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Category Archives: software-defined radio
Pluto may no longer be a planet, but it is still a fun software defined radio (SDR) set up from Analog Devices. The inexpensive radio uses a USB connector and looks somewhat like a network connection to your PC. But what if you want to really use it with a …read more
When you think of a software defined radio (SDR) setup, maybe you imagine an IC or two, maybe feeding a computer. You probably don’t think of a vacuum tube. [Mirko Pavleski] built a one-tube shortwave SDR using some instructions from [Burkhard Kainka] which are in German, but Google Translate is …read more
Who doesn’t like to look up at the night sky? But if you are into radio, there’s a whole different way to look using radio telescopes. [John Makous] spoke at the GNU Radio Conference about how he’s worked to make a radio telescope that is practical for even younger students to build and operate.
The only real high tech part of this build is the low noise amplifier (LNA) and the project is in reach of a typical teacher who might not be an expert on electronics. It uses things like paint thinner cans and lumber. [John] also built some …read more
The Icoboard is a plug-in for the Raspberry Pi with a Lattice iCE FPGA onboard. Combined with a cheap A/D converter, [OpenTechLab] build a software-defined radio using all open source tools. He found some inexpensive converters that cost about $25 and were fast enough (32 MHz) for the purpose at hand. The boards also had a digital to analog converter and he was able to find the data sheets. You can see a video with the whole project covered, below.
The video, by the way, is pretty extensive (about an hour’s worth) and covers the creation of a PC board …read more
Cell phone towers are something we miss when we’re out of range, but imagine how we’d miss them if they had been destroyed by disastrous weather. In such emergencies it is more important than ever to call loved ones, and tell them we’re safe. [Matthew May] and [Brendan Harlow] aimed to make their own secure and open-source cellular network antenna for those occasions. It currently supports calling between connected phones, text messaging, and if the base station has a hard-wired internet connection, users can get online.
This was a senior project for a security class, and it seems that the …read more
At first glance, the ColibriNANO SDR looks like another cheap SDR dongle. But after watching [Mile Kokotov’s] review (see video below), you can see that it was built specifically for software defined radio service. When [Mile] takes the case off, you notice the heavy metal body which you don’t see on the typical cheap dongle. Of course, a low-end RTL-SDR is around $20. The ColibriNANO costs about $300–so you’d hope you get what you pay for.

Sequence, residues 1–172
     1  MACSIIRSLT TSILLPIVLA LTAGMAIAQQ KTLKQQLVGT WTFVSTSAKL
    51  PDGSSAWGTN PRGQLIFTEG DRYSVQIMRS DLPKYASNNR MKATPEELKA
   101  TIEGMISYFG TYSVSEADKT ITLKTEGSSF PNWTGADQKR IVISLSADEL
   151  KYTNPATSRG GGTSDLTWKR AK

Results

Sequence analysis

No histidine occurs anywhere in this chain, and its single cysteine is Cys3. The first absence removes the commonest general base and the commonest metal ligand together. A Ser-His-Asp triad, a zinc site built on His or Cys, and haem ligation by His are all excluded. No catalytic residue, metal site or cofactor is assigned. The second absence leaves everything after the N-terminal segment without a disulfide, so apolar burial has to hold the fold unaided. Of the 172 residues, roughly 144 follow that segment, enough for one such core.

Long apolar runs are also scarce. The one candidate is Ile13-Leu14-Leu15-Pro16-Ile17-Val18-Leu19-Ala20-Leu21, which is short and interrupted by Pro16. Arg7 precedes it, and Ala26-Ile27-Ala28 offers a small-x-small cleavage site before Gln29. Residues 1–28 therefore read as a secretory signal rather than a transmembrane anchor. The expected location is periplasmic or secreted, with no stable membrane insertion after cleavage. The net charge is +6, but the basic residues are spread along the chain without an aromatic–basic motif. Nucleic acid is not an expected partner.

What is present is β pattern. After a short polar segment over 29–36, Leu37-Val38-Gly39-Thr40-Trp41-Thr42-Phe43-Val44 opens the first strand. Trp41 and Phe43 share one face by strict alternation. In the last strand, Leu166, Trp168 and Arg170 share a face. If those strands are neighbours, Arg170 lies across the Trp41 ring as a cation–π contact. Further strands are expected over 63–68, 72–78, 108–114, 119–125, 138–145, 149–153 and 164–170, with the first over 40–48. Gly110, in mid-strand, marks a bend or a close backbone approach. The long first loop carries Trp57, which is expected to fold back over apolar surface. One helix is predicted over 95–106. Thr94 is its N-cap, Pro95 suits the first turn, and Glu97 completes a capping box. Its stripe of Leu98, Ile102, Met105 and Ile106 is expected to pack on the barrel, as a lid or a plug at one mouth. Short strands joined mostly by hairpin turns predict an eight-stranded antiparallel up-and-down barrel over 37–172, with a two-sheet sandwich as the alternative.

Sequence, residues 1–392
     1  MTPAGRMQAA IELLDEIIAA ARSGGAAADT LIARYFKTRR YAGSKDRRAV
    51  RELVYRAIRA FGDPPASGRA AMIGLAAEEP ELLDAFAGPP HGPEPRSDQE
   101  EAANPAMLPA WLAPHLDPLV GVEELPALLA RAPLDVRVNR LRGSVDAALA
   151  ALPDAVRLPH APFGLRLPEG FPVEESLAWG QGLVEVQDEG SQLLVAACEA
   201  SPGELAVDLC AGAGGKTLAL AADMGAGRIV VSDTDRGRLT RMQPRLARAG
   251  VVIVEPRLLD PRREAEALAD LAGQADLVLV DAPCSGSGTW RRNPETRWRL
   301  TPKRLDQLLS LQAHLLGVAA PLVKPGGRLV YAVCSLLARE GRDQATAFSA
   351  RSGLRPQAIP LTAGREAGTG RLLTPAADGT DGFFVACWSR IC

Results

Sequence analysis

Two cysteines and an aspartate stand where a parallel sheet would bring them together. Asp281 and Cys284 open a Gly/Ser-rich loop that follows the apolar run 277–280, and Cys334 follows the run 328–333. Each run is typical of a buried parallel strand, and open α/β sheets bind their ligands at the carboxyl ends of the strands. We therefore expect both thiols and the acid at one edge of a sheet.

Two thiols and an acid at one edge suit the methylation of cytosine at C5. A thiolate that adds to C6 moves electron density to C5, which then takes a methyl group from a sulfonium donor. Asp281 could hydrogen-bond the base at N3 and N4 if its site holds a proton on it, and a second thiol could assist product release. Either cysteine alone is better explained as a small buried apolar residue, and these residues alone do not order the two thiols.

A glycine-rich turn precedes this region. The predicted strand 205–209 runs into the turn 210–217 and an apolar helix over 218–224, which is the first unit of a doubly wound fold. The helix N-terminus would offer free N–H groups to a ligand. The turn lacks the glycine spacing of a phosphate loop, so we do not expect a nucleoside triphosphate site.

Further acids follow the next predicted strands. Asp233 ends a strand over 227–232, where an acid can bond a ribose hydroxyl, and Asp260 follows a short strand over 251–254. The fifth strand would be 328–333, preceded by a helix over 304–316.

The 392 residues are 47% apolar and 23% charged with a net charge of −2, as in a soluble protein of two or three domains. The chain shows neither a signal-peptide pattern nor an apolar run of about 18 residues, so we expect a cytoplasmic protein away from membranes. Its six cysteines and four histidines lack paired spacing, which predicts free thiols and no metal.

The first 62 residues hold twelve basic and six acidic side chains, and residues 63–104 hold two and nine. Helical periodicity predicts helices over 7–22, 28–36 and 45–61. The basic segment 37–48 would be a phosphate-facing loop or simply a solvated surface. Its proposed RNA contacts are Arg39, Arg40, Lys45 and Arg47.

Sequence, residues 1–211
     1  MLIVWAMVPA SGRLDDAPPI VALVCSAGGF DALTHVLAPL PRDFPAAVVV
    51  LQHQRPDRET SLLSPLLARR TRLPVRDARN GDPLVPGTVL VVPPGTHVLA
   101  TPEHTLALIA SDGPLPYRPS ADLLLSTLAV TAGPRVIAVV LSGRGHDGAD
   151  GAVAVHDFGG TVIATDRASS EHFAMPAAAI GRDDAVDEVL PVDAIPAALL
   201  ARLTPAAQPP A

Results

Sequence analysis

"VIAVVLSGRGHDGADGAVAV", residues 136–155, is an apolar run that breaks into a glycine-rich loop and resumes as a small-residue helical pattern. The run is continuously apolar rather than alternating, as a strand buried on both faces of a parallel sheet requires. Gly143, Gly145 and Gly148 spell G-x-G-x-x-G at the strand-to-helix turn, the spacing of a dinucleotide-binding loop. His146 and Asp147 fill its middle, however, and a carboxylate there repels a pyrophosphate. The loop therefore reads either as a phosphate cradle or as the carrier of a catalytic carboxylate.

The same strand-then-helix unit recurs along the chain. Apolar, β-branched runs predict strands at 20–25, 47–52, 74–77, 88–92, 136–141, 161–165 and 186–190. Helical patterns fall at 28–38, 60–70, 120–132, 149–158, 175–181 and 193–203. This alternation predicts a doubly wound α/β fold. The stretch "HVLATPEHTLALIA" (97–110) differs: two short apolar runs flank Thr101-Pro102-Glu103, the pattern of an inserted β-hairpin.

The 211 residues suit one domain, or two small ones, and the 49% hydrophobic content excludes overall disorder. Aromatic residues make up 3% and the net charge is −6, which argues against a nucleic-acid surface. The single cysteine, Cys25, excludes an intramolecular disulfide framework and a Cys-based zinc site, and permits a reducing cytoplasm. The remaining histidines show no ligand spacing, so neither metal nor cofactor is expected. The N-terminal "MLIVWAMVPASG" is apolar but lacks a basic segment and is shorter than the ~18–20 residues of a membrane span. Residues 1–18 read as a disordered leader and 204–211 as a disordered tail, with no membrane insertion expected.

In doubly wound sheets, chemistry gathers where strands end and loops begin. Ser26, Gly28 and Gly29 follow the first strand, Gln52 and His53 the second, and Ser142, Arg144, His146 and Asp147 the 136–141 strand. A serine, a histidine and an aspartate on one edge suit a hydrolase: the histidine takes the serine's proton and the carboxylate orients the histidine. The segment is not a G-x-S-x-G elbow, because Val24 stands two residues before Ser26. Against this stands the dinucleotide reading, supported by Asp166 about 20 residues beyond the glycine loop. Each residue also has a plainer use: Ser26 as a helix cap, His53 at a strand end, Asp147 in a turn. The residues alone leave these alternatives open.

The frequency range is nominally 10 kHz to 55 MHz, although if you use external filters and preamps you can get to 500 MHz. …read more
When [ik1xpv] sets out to build a software-defined radio (SDR), he doesn’t fool around. His Breadboard RF103 sports USB 3.0, and 16-bit A/D converter that can sample up to 105 Msps, and can receive from 0 to 1800 MHz. Not bad. Thanks to the USB 3.0 port, all the signal processing occurs in the PC without the limitations of feeding data through a common sound port. You can see the device in action in the video below.
The Cypress FX3 USB device is an ARM processor, but it is only streaming data, not processing it. You can find the slightly …read more
For those of us whose interests lie in radio, encountering our first software defined radio must have universally seemed like a miracle. Here is a surprisingly simple device, essentially a clever mixer and a set of analogue-to-digital or digital-to-analogue converters, that can import all the complex and tricky-to-set-up parts of a traditional radio to a computer, in which all signal procession can be done using software.
When your curiosity gets the better of you and you start to peer into the workings of a software defined radio though, you encounter something you won’t have seen before in a traditional radio. …read more
Most old-school remote controlled cars broadcast their controls on 27 MHz. Some software-defined radio (SDR) units will go that low. The rest, as we hardware folks like to say, is a simple matter of coding.
So kudos to [watson] for actually doing the coding. His monster drift project starts with the basics — sine and cosine waves of the right frequency — and combines them in just the right durations to spit out to an SDR, in this case a HackRF. Watch the smile on his face as he hits the enter key and the car pulls off an epic …read more